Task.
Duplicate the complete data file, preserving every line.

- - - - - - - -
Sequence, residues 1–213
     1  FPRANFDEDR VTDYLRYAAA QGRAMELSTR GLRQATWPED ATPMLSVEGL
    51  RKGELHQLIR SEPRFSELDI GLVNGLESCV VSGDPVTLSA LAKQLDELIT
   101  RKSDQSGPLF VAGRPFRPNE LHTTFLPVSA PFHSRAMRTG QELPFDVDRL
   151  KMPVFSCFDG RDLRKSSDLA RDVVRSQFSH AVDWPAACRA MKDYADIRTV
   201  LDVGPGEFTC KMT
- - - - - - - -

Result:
Sequence, residues 1–213
     1  FPRANFDEDR VTDYLRYAAA QGRAMELSTR GLRQATWPED ATPMLSVEGL
    51  RKGELHQLIR SEPRFSELDI GLVNGLESCV VSGDPVTLSA LAKQLDELIT
   101  RKSDQSGPLF VAGRPFRPNE LHTTFLPVSA PFHSRAMRTG QELPFDVDRL
   151  KMPVFSCFDG RDLRKSSDLA RDVVRSQFSH AVDWPAACRA MKDYADIRTV
   201  LDVGPGEFTC KMT